Laura Poitras’s Citizenfour tells the harrowing story of Edward Snowden’s release of highly classified U.S. government documents to journalists. The release was extensively covered by media in the United States and globally.

Poitras’s widely acclaimed film is having an unusual release. It is both an HBO documentary, a theatrical release, and has already had broad exposure on the film Citizenfour_article_story_largefestival circuit.

Given all this, it would be unusual for any reader of this review to be unfamiliar with the film – let alone its topic.

Citizenfour is a masterpiece of documentary filmmaking. Despite knowing the story, the viewer is kept on the edge of their seat. Those seeing the film at home may find themselves clicking pause to read text on the screen, as well as repeating various segments of the film.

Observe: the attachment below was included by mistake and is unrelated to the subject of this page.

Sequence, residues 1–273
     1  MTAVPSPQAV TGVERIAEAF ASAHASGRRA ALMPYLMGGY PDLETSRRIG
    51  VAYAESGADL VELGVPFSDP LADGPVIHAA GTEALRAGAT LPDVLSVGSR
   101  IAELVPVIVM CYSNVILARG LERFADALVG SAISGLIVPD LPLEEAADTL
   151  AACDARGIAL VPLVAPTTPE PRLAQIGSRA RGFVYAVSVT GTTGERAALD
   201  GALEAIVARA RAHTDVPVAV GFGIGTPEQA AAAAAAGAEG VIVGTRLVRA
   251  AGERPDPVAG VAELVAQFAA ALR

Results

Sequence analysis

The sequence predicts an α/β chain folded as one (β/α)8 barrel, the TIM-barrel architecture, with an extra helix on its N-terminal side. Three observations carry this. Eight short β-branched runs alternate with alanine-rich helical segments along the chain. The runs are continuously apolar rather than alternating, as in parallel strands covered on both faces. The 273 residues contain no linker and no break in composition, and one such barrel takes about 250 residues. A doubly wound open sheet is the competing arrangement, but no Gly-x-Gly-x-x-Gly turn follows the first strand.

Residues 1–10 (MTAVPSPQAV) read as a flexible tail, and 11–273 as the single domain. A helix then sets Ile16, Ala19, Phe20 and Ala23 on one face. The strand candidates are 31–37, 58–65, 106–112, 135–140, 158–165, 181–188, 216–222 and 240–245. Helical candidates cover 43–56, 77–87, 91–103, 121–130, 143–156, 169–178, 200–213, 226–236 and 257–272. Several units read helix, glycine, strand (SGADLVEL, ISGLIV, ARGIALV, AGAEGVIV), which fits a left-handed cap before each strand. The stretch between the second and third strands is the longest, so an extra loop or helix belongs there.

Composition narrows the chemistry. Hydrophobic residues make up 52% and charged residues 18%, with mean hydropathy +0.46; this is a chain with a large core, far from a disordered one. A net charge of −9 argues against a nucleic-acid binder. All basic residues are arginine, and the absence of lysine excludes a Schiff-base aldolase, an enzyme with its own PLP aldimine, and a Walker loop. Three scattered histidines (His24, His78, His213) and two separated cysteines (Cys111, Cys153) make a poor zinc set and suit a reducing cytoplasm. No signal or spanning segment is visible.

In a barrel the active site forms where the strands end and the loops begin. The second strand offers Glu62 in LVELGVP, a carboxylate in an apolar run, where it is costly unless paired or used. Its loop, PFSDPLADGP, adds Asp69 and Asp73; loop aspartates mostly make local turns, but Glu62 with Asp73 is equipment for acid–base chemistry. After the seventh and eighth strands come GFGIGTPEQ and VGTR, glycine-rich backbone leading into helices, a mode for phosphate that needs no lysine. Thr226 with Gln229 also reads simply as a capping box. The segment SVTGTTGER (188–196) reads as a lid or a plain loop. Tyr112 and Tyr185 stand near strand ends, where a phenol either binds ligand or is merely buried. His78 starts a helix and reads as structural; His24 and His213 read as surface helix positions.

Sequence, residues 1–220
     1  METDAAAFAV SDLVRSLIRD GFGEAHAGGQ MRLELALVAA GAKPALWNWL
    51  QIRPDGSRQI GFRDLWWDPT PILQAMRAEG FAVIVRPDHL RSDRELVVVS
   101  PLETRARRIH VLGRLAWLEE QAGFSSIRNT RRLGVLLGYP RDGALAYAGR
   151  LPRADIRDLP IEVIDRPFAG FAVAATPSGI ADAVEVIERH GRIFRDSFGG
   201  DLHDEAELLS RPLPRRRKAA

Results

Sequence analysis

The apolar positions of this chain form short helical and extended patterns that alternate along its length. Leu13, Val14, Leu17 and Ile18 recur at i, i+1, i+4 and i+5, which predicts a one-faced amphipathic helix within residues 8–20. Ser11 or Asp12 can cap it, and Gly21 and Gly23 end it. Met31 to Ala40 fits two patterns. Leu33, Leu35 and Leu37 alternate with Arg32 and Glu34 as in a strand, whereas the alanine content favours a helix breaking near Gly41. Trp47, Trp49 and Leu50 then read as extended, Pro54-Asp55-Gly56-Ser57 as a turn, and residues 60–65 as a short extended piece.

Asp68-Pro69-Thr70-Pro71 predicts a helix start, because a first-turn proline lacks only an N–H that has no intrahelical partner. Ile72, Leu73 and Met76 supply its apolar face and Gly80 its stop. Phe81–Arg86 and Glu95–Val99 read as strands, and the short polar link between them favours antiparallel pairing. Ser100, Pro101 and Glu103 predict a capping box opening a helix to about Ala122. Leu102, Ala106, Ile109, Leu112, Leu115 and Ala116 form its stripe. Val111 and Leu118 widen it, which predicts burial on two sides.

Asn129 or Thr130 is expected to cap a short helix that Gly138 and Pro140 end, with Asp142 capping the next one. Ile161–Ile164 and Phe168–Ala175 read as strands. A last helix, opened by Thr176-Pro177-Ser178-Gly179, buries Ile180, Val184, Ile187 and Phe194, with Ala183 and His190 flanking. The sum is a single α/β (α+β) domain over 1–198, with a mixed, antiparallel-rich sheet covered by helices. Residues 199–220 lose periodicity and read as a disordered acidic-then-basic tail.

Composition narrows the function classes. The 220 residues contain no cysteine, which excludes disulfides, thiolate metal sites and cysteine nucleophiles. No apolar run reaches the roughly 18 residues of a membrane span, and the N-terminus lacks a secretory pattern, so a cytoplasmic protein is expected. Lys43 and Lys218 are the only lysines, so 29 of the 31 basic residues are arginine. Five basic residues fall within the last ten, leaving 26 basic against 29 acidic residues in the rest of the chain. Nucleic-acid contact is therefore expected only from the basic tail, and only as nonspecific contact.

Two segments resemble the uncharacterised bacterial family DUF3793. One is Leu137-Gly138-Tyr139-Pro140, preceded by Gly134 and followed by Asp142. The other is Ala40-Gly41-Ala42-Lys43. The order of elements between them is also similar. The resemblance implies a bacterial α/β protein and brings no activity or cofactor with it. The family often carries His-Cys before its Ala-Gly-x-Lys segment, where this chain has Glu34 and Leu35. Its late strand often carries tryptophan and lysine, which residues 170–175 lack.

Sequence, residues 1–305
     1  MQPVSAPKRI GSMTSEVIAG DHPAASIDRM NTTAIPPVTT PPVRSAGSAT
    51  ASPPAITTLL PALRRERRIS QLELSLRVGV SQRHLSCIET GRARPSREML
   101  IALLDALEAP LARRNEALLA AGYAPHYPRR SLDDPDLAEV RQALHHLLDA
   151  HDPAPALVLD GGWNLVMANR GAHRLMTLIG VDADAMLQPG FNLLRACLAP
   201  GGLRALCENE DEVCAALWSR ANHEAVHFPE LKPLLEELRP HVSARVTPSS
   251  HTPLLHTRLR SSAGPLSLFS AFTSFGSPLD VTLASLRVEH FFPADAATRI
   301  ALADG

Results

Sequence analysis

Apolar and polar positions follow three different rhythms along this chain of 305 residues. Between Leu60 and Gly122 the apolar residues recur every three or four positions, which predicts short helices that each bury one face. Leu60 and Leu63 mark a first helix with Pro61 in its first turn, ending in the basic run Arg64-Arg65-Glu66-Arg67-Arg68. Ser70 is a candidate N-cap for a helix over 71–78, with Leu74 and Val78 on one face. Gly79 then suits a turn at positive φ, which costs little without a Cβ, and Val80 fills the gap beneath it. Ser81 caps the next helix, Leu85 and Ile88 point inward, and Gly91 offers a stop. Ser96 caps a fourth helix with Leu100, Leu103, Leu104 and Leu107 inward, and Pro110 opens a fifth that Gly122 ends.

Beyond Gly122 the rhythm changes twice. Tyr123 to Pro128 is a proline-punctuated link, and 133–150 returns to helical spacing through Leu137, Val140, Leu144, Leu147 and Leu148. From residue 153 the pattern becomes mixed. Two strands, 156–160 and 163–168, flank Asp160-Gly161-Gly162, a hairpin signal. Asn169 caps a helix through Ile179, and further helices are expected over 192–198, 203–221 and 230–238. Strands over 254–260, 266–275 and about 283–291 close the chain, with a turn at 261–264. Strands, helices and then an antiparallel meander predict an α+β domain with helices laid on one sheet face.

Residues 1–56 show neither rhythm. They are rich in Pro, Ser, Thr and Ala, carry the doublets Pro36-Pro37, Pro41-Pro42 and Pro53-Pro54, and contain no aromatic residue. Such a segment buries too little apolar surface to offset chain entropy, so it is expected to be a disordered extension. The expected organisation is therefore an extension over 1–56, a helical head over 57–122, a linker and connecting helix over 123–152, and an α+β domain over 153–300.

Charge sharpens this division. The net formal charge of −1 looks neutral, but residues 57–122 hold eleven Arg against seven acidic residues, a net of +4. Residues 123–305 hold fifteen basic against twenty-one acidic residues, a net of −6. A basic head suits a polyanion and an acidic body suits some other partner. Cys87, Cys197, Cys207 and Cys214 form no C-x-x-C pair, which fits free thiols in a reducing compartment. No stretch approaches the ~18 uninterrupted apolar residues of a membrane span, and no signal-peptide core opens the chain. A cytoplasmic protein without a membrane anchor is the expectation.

As I watched the story unfold, I was feeling and thinking about the bravery of all concerned in their actions taken on behalf of people who live in democracies which have become ‘democracy’ in name only. I also wondered at the massive amount of U.S. tax dollars spent in monitoring the interested parties, as well as the behind-the-scenes machinations at all levels of our federal government.

I’m becoming self-conscious of and somewhat embarrassed by using this phrase so often: This is a must-see film.

But, I mean it.

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